Rajkot, Nov 8: India Test skipper Virat Kohli has said adjusting to the Decision Review System (DRS) won't be a problem for the team as it gets ready to take on England in the first cricket Test here on Wednesday.
"There is no rocket science to DRS. You have a fair idea of where the ball has hit, where it has pitched and whether it is in line or not. It's pretty basic things in cricket so we don't need to necessarily go through a course for DRS," Kohli told reporters on the eve of the first Test.
This will be the first Test series in India where the DRS, which the Board of Control for Cricket in India (BCCI) has consistently opposed, will be used.
"We have observed enough watching on television how DRS is used and it's really important what the bowler and wicket-keeper thinks of that event or a referral if it has to be made."
"So it's pretty simple. We are not too much focussing on it. Yes it gives you another opportunity to check on the decisions you feel is not right and I think it's pretty fair," Kohli added.
England will go into the series as underdogs given their recent 1-1 draw in a two-match Test series against hosts Bangladesh. The Alastair Cook captained side lost the second Test after winning the first to draw the series.
Former England captain Michael Vaughan has constantly said it would be very difficult for the English to beat India who are currently World No. 1 in Tests and have just whitewashed New Zealand 3-0 in a series. Kohli though isn't reading too much into the mind games.
"Underdog thing, I don't know if it's really to do with us being a very strong team. Some people might play it low and then surprise the opposition."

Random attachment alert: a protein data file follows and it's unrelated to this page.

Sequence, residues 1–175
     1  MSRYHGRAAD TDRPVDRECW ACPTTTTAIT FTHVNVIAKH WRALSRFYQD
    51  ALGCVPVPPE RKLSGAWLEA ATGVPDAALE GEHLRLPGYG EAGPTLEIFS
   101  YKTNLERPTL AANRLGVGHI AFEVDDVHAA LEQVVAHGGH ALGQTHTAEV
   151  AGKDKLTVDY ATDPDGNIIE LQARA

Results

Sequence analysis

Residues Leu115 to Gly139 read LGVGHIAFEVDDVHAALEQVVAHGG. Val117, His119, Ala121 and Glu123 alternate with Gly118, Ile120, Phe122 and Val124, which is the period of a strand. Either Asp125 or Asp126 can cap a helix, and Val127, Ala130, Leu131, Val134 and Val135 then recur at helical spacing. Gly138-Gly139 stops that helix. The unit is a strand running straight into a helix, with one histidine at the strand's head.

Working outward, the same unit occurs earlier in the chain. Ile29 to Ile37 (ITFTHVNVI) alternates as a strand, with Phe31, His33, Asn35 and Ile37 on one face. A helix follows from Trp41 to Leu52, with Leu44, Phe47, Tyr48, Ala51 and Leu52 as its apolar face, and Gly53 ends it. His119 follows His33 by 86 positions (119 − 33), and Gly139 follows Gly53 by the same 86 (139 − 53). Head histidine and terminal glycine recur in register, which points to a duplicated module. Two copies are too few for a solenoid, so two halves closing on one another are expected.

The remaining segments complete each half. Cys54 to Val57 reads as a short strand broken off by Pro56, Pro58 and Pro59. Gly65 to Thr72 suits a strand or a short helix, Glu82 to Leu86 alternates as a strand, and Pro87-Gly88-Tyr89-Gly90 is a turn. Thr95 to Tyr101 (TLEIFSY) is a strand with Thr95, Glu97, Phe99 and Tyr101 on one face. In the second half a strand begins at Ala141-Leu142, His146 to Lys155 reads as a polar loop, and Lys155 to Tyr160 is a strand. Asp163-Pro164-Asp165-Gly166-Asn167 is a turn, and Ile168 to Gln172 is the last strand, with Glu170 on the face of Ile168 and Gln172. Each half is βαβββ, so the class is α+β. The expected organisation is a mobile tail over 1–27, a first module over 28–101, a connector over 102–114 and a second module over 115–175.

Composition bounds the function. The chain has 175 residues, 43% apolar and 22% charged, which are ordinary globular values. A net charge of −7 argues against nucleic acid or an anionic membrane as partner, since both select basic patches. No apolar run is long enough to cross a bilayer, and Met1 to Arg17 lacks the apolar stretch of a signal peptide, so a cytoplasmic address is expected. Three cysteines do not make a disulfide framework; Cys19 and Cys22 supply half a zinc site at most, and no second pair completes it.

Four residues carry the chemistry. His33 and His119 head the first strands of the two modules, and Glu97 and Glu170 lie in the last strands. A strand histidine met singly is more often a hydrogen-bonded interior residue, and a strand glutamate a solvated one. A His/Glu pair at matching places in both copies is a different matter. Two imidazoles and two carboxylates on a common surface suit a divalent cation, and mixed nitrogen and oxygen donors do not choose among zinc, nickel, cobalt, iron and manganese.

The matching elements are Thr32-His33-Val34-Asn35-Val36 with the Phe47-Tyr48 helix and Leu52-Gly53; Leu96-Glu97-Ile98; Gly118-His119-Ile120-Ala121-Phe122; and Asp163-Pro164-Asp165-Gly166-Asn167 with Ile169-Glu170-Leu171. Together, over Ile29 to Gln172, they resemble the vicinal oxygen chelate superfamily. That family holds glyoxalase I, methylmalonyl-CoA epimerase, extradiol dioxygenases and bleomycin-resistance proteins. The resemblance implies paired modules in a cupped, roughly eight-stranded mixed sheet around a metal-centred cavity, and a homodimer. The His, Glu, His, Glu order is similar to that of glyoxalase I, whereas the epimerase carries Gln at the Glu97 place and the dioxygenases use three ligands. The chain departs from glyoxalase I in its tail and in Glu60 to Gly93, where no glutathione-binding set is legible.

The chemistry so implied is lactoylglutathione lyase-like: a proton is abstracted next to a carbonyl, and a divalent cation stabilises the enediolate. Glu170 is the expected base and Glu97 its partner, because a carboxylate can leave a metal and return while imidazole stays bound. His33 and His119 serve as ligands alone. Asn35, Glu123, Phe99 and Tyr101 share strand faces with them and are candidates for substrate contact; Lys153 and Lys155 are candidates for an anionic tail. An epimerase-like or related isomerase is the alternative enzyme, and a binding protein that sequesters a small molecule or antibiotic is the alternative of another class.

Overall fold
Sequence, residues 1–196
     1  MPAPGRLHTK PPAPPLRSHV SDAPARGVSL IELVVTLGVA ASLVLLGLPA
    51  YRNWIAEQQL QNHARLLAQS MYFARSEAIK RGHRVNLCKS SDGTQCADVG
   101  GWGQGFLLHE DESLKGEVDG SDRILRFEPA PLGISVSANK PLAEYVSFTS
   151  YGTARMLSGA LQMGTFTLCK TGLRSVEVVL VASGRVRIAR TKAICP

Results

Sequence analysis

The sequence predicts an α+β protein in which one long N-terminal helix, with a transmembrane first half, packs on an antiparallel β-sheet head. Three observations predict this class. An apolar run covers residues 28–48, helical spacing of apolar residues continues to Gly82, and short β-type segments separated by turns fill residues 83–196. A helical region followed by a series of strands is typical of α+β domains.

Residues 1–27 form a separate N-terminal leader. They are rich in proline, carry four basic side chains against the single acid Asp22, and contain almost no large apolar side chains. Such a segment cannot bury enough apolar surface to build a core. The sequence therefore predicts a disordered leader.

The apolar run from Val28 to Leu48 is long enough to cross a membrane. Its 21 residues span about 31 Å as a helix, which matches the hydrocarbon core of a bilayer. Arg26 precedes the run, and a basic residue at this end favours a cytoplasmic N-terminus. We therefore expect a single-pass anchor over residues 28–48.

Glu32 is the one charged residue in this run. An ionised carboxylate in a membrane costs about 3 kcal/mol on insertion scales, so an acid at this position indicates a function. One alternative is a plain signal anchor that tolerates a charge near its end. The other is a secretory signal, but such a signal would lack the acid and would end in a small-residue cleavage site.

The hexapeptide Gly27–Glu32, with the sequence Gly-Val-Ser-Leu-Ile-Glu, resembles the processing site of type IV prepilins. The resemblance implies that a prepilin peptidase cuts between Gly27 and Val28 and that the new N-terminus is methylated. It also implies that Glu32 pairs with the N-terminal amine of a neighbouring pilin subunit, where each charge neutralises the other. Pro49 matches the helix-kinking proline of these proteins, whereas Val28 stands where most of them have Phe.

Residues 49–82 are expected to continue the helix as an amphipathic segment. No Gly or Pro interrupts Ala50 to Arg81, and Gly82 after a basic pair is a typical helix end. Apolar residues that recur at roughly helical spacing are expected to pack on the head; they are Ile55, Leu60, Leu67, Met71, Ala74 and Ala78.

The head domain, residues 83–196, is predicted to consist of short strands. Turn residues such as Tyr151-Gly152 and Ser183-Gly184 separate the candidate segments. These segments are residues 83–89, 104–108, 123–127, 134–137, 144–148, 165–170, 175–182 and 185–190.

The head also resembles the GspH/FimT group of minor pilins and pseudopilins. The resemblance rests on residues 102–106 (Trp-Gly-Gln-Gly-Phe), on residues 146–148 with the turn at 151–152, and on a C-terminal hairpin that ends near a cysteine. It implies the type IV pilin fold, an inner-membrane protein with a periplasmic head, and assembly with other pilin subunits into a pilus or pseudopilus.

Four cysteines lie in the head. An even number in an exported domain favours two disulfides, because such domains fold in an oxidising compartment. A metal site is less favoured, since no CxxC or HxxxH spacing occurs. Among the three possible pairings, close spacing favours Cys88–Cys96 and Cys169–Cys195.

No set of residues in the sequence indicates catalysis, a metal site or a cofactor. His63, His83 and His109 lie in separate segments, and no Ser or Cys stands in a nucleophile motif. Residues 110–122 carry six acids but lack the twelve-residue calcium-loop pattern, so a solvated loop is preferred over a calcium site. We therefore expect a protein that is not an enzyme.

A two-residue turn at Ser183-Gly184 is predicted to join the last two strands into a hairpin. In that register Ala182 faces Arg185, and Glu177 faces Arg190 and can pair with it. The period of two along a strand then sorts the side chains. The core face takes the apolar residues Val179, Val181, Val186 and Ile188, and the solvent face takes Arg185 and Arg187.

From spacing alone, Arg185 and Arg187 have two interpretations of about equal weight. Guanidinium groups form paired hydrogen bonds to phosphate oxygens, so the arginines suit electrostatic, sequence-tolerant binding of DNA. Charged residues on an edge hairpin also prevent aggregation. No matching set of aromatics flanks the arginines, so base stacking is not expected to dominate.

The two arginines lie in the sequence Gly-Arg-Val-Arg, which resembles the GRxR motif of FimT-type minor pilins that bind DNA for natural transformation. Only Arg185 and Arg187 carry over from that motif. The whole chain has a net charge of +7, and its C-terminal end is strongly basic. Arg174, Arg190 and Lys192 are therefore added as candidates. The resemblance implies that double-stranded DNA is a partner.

"We are quite aware of those things, those sort of tactics we have seen in the past. We are not going to go ahead of ourselves. We understand what we need to do so not getting carried away. We never get carried away by praise. We will continue winning games of cricket and nothing changes for us," Kohli said.
Asked if his own unimpressive form against England ruffles him, he said, "Not really. Its been a phase where I didn't perform too well and it happened to be in England. It could have been any other country in the world. I take it as a setback in my career."
The Delhi lad said the team was prepared for a hard time at home with quality sides like New Zealand (India won 3-0), England and Australia later coming up and series like these builds the character of the entire bunch.
"Since we came back from the West Indies we knew the home series' were going to be tough. We are playing quality sides. New Zealand, England, Australia so we knew its going to be a tough season at home and for that we need to be more aware during crucial situations."
"There are areas we have addressed that need improvement even from the last series. We improved on them in the last Test match we played, specially losing wickets at key times before breaks and after breaks. That was something that really hampered us in the last two series," the 28-year-old said. IANS